Is an Embryo More Important than a Woman?

The Back Alley and the Front Alley

The Kate Cox Case in Texas

Get our SHORT Biweekly e-Newsletter

Email & Social Media Marketing by VerticalResponse

abortionback-alley butchersmothers

The Safety of Incredibly Dangerous Things

Posted on February 6, 2024 By

by Rachel MacNair


A common method used to try to justify violence is to make comparisons to innocent-sounding things, saying that the violence being justified is actually safer than things that people don’t normally fear much. Here are three examples

Nuclear Weapons and Radiation

In my youth, when we were opposing nuclear weapons as mass destruction and nuclear energy as a bad environmental practice, nuclear energy proponents would commonly make the claim that the overall radiation in the area of Denver, Colorado was higher than it was around most nuclear power plants. They claimed this was because Denver was so very high above sea level. So if radiation levels around nuclear power plants were lower than radiation levels caused by higher elevations, they must not be so bad.

They left out a crucial point: near Denver was the Rocky Flats nuclear weapons plant (since closed). It made nuclear parts for nuclear weapons, something that produces far more radiation than mere energy production would.

Death Penalty and Humane Methods

Lethal injections were supposed to be a more humane way of carrying out executions. It seemed more like a medical procedure, in which drugs are meant to perform a specific task. Yet executions keep being botched, leading to torturous outcomes. As recently as January 25, 2024, an execution by nitrogen hypoxia – which euthanasia proponents have proposed as one method for a gentle way of ending life – lasted 22 minutes and was horrific. Being humane and executing someone don’t make a good match.

Abortion Pills

The claim is made that mifepristone, the first part of the two-part abortion pill regimen, is “safer than Tylenol.” Statistics show that more people have to go to the hospital emergency room because of Tylenol than because of mifepristone. Since Tylenol is well known for its safety, they argue that must make abortion pill awfully safe.

The first thing wrong with that point: way, way more people use Tylenol than mifepristone. So of course more people have problems with what more people use. It’s not the raw numbers, but the rates – how many per 1,000 people that use the drug end up in the hospital – that make an accurate comparison.

The next problem is that the vast majority of people who get into trouble with Tylenol do so because they overdosed. Overdosing is a danger with all drugs – that’s part of what makes them drugs. If there weren’t a danger of overdosing, it would be something other than a drug. Mifepristone, on the other hand, can send you to the hospital when used as prescribed.

But most importantly, any other drug causing miscarriages would have that as a mark against its safety. With mifepristone, a miscarriage is the whole point. Already you have a problem with defining safety in a way that can be compared.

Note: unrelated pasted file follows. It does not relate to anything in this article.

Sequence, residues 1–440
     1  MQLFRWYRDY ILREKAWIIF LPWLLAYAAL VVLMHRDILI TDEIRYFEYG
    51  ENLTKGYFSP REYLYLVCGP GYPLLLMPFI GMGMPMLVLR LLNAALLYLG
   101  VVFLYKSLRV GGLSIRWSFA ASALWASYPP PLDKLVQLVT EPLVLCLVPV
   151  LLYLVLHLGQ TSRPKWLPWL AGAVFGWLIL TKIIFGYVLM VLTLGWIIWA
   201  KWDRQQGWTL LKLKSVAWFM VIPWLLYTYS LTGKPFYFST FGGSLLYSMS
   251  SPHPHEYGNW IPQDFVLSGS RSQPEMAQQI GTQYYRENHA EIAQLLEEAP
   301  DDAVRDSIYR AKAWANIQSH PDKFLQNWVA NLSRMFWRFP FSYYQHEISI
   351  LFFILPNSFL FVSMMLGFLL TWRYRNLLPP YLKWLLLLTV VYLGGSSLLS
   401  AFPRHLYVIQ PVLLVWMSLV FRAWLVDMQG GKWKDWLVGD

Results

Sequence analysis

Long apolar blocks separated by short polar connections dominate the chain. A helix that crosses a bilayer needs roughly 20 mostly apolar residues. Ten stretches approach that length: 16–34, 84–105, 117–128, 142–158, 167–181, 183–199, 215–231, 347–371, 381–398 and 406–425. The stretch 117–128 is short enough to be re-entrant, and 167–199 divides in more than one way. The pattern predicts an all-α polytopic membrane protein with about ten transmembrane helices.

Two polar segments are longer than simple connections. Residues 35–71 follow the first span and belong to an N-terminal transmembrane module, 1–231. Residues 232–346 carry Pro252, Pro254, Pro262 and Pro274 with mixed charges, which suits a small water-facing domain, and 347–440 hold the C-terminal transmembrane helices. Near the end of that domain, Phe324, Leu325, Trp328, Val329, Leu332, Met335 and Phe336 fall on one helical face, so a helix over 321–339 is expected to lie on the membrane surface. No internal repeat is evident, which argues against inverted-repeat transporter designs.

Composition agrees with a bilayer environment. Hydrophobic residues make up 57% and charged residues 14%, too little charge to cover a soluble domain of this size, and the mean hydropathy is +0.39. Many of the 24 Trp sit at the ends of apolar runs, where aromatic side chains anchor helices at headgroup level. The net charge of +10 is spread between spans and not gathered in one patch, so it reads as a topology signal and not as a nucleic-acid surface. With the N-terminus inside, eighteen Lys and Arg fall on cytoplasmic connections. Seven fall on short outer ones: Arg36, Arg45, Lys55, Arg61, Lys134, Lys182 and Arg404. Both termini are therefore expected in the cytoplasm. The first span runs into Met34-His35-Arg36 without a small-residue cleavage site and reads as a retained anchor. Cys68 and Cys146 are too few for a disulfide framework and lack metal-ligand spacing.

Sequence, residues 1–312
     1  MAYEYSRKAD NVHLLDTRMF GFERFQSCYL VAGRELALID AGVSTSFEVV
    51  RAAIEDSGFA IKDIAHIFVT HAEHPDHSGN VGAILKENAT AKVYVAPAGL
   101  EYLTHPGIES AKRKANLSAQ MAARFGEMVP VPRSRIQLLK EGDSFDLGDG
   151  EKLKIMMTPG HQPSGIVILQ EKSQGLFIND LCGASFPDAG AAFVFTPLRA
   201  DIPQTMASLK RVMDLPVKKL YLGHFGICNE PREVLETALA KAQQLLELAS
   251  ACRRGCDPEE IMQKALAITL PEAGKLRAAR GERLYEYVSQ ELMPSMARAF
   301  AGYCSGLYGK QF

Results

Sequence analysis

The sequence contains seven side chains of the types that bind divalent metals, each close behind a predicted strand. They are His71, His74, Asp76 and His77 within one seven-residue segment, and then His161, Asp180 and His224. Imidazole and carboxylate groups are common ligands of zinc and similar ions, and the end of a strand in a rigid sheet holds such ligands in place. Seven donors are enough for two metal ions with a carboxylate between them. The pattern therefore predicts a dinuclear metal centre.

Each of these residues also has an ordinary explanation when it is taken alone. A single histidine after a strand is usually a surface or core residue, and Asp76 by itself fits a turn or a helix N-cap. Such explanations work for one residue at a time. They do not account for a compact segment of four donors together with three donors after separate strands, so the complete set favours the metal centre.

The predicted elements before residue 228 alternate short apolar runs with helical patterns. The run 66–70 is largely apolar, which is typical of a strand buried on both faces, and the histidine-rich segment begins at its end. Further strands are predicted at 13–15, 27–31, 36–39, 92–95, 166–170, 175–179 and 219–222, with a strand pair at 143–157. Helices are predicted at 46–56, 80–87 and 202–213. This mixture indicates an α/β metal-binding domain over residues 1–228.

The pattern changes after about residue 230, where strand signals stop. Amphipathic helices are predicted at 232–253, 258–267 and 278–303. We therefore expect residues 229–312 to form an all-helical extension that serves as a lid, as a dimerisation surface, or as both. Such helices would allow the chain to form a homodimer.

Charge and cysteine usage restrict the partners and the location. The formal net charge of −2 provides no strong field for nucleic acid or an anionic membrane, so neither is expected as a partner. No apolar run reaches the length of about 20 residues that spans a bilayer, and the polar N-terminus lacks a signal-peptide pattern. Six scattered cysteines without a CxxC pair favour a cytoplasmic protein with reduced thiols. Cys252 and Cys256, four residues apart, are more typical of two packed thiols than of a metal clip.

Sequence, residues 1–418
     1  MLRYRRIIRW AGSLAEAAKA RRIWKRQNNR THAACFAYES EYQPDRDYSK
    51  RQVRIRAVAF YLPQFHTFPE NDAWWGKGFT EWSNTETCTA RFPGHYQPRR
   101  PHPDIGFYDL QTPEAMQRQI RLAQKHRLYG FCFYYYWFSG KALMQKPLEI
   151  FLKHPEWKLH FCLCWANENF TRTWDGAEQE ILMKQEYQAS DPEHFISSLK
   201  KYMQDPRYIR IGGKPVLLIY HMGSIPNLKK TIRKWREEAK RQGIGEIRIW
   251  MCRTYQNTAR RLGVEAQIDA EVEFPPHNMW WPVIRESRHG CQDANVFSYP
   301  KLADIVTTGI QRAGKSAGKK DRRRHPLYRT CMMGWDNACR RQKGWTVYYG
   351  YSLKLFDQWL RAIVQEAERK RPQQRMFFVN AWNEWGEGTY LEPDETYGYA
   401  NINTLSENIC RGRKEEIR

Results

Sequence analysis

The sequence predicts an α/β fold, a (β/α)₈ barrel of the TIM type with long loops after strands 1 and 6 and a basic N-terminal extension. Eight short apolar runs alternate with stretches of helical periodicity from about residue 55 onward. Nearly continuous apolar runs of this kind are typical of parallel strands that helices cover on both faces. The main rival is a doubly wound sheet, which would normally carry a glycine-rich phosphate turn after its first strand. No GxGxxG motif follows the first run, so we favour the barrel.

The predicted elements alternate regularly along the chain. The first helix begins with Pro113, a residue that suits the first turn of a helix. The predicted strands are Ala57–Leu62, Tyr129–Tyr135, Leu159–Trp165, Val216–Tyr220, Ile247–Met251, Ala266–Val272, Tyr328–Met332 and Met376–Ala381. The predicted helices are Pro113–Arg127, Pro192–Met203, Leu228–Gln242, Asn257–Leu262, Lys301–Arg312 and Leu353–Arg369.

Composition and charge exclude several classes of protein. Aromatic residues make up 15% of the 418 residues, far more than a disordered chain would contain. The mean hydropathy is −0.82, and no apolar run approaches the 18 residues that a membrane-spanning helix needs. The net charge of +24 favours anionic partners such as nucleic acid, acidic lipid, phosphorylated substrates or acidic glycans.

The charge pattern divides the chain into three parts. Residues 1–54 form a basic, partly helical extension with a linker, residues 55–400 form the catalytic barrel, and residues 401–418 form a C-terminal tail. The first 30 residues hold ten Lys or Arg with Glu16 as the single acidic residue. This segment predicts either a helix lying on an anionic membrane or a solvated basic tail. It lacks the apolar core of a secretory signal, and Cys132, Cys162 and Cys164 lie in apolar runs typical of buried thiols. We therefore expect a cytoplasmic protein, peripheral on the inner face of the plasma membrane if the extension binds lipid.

But worse: any other drug that caused days of cramps and bleeding, even if it did so just a small portion of the time, would be taken off the take-at-home market immediately. There are no other legal drugs to compare mifepristone to, because if any of them did a small bit of what mifepristone does regularly, they would be reserved for monitored situations where treating diseases like cancer might be worth the side effects. They wouldn’t be allowed for simple prescription at all, certainly not for taking in unmonitored situations at home.



Get our SHORT Biweekly e-Newsletter

Email & Social Media Marketing by VerticalResponse

abortion pilldeath penaltynuclear weapons

Racism and Planned Parenthood: Documentation

Posted on January 23, 2024 By

compiled by Rachel MacNair

More documentation, including the court documents for individual lawsuits, can be found at Problems at Planned Parenthood. That website has an index page for specific problems – in addition to racism, there are health code violation documents, malpractice suits, 911 calls, sexual abuse, employee rights, etc.

Planned Parenthood itself offers detailed information on its own racist history:

The History & Impact of Planned Parenthood


from sources who otherwise favor Planned Parenthood’s mission

Employees Are Calling Out Major Reproductive Rights Organizations for Racism and Hypocrisy

by Ema O’Connor, Buzzfeed, August 21, 2020

employee Tweet in response:

Planned Parenthood employee



Dozens of Black Employees Said They Faced Racism at Planned Parenthood, An Internal Audit Found

by Ema O’Connor, Buzzfeed, October 9, 2020


(NEW YORK) — A former Planned Parenthood employee is suing the organization, alleging the reproductive healthcare nonprofit retaliated against her and ultimately fired her for speaking out against its treatment of Black women.

Plaintiff Nicole Moore, the former director for multicultural engagement at Planned Parenthood based at the national headquarters in Manhattan, New York, claims in the complaint filed on Wednesday that Planned Parenthood has perpetuated a culture of racism where Black women within the organization are discriminated against through unequal work distribution and opportunities for promotions.

“[Planned Parenthood] has blatantly ignored reports by dozens of its Black employees of systemic unequal hiring and promotion, more work for lower pay, overt hostility, and trafficking in stereotypes by leadership,” according to a copy of the complaint obtained by ABC News.